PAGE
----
California law limits how employers may restrict competition
In the United States and beyond, competition among businesses is prized as a critical force that drives progress and benefits consumers. As a result of that deeply held value, the American legal system is generally intolerant of attempts to limit competition on a large or small scale.
This is particularly true in California, where the laws regarding non-compete agreements are unusually strict, and nearly all such agreements are considered invalid. Under state law, only equity stakeholders in a company can be bound by non-compete agreements. The consequences of the state’s favorable policy toward business competition can perhaps be most acutely observed in Silicon Valley, where the quickly evolving tech industry is fueled by a highly skilled and highly mobile workforce.
Non-disclosure agreements in California
Although California law limits the use of non-compete agreements, many businesses still have a need to safeguard their investments and prevent workers from taking confidential information with them when they leave the company. Often, this is accomplished through a different type of employment contract called a non-disclosure agreement, which is also called a confidentiality agreement.
Whereas a non-compete agreement explicitly limits where an individual may work, a confidentiality agreement merely restricts what information he or she may share with other parties. Thus, a non-disclosure agreement can be used to prevent an employee, contractor or other individual from disclosing confidential information obtained through the company, such as:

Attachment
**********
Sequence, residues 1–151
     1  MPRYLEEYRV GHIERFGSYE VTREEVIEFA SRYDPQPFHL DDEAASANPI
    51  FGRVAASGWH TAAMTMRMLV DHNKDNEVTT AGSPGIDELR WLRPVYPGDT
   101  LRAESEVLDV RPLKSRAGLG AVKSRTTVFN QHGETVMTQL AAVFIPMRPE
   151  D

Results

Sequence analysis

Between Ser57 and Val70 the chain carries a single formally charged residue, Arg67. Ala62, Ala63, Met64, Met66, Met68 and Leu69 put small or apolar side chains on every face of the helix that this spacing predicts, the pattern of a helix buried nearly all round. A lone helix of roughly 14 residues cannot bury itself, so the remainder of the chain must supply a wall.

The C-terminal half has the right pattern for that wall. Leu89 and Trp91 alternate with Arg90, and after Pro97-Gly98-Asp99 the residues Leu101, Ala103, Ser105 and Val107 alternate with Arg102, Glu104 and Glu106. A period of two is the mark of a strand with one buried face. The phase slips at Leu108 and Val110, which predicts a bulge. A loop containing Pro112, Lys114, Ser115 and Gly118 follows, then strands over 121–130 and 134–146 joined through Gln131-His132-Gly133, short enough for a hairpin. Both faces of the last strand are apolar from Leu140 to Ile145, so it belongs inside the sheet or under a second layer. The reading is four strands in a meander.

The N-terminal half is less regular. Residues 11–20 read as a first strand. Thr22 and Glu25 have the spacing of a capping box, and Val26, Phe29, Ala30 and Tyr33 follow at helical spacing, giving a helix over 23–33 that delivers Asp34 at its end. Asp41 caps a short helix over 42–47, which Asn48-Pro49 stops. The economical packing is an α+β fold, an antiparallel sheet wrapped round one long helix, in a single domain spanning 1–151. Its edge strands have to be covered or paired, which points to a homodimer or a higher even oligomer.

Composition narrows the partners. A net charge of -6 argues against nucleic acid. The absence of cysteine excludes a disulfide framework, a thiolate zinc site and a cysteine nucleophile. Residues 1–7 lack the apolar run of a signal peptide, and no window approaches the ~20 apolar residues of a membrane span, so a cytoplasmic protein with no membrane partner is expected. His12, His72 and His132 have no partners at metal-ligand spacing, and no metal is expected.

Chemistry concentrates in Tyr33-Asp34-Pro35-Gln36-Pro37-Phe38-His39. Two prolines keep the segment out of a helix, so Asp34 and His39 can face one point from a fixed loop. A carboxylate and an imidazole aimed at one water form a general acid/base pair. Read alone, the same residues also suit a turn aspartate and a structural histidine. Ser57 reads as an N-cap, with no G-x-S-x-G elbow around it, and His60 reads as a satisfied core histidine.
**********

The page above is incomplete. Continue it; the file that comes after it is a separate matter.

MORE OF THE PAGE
- Trade secrets
- Recipes and formulas
- Inventions and prototypes
- Client lists
- Business strategy
- Manufacturing processes
Because a non-disclosure agreement does less to restrict an individual’s future employment and business prospects than a non-compete agreement, it is more likely to be enforceable under California law. However, while the California courts take a more favorable view of non-disclosure agreements, there still are limits to what they may entail.
In order to be enforced by the courts, a non-disclosure must be clear and specific regarding the scope and nature of the protected information, and it must be supported by a legitimate business need. It must also clearly differentiate between confidential and non-confidential information. In other words, a confidentiality agreement may not simply place a blanket restriction on any and all disclosures by the individual, though it is not uncommon for companies to attempt to do so. An overly broad non-disclosure agreement may be invalidated if it is challenged in court.
Get legal advice before you sign
Before signing a non-disclosure agreement or any other type of employment contract, it is important to get advice from an attorney with a background in matters of California employment law to make sure your rights and interests are well protected. Contact Kastner Kim LLP to arrange a personalized consultation.